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"I looked for a person that can repair the telephone."

Translation:ghogh HablI' tI'laHbogh ghot'e' vInej.

April 11, 2019

6 Comments


https://www.duolingo.com/profile/LeeGOgletree

The 'e' indicates that I'm looking for a person, other than say, a robot?


https://www.duolingo.com/profile/mizinamo

The -'e' indicates that you are looking for person that can repair a telephone (ghogh HablI' tI'laHbogh ghot'e'), rather than a telephone that a person can repair (ghogh HablI''e' tI'laHbogh ghot).

Without the -'e', ghogh HablI' tI'laHbogh ghot would be ambiguous between the two meanings.


https://www.duolingo.com/profile/LeeGOgletree

Yes. Thank you. It looks so obvious when I see it written out.


https://www.duolingo.com/profile/LeeGOgletree

I guess I'm hung-up on word order.


https://www.duolingo.com/profile/jdmcowan

English "fronts" the head noun. In other words, English moves the noun that the relative clause describes to the front: " a person that can repair a telephone" as opposed to "a telephone that a person can repair" - either way, "a person can repair a telephone", you just have to figure out whether you are looking for that person or that telephone.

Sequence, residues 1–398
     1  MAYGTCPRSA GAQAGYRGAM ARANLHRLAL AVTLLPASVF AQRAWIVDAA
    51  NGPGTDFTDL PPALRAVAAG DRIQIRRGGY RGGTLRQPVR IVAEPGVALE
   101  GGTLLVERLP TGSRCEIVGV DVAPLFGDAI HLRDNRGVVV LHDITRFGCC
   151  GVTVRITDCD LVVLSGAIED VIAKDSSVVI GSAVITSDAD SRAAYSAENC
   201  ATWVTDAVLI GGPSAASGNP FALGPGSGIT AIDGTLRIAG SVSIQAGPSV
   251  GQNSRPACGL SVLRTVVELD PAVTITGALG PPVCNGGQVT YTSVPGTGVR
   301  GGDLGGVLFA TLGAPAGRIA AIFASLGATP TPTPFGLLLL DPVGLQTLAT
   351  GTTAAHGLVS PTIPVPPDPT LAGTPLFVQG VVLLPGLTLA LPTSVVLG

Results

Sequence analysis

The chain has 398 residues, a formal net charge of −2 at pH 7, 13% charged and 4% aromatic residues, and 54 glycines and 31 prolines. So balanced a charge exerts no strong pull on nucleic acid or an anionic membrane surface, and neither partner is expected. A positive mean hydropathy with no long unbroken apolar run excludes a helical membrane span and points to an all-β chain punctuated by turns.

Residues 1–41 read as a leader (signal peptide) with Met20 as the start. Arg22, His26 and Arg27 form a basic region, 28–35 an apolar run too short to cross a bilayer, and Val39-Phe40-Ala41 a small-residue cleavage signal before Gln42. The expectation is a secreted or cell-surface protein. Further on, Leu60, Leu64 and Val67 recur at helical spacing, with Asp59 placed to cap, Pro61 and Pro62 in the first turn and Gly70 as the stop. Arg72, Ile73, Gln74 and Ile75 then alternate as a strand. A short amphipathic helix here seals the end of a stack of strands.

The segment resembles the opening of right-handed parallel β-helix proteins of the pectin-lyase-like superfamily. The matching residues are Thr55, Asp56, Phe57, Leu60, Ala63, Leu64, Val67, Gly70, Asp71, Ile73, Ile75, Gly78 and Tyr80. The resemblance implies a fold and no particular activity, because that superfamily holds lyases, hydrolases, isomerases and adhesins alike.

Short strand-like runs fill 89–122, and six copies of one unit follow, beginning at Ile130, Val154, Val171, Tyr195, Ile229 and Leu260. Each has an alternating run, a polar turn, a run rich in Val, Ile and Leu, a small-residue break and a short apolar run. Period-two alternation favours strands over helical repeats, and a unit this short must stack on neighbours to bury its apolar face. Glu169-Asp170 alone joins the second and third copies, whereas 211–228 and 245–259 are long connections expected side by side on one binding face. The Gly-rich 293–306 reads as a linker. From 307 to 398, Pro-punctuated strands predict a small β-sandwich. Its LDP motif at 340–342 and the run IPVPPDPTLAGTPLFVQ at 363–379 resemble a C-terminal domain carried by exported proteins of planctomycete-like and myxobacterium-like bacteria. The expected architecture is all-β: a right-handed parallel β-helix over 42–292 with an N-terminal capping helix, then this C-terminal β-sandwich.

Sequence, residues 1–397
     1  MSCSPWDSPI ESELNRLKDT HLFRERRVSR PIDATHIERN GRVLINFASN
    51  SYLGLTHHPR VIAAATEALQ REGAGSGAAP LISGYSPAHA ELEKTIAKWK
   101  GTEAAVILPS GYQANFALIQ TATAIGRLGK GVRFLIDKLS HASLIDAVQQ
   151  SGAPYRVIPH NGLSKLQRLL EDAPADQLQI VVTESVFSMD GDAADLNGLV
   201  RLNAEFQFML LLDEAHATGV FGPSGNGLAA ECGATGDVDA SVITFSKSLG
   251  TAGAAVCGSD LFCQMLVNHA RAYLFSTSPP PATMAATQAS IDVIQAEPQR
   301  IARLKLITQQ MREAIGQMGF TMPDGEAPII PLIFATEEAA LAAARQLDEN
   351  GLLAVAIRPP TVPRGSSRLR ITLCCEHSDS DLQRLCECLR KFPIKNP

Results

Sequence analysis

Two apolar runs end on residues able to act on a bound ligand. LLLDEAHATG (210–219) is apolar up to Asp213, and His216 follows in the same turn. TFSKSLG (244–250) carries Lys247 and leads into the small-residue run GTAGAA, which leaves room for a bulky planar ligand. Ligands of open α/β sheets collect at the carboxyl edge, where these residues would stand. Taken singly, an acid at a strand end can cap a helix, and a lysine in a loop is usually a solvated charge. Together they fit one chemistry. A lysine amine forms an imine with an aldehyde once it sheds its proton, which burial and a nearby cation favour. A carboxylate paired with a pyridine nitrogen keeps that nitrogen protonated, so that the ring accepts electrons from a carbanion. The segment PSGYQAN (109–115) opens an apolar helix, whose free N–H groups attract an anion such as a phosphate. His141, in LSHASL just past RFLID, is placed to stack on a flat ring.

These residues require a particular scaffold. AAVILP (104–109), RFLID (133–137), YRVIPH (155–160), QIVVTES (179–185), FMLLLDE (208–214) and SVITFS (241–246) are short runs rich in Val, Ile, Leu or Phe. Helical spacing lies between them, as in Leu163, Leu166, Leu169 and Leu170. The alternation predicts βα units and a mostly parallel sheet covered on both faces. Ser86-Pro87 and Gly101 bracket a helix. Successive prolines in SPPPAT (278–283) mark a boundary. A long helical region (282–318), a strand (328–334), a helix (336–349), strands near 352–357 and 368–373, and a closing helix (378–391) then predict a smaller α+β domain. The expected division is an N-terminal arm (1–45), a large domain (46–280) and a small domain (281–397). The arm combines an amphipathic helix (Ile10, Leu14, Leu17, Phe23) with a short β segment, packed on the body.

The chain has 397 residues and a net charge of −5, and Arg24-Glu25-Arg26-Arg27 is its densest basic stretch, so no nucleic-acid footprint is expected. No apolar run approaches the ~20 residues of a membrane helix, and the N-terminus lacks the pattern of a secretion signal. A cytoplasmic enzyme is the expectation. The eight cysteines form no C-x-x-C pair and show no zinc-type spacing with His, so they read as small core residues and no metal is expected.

Klingon maintains the OVS structure for the clause and instead has an option to mark the head noun with -'e' to make it clear which noun is the head noun. The nice thing is that you don't have to mark the head noun in Klingon. You can leave it ambiguous for poetic reasons, or because both interpretations are true and you want to just say it in one sentence, or whatever reason. You can't do that in English, you have to pick a head noun to front.


https://www.duolingo.com/profile/LeeGOgletree

That, Sir, is very clear. Moving forward, I will think about it again and again, I'm sure. I'm gaining a better idea of what to think about.

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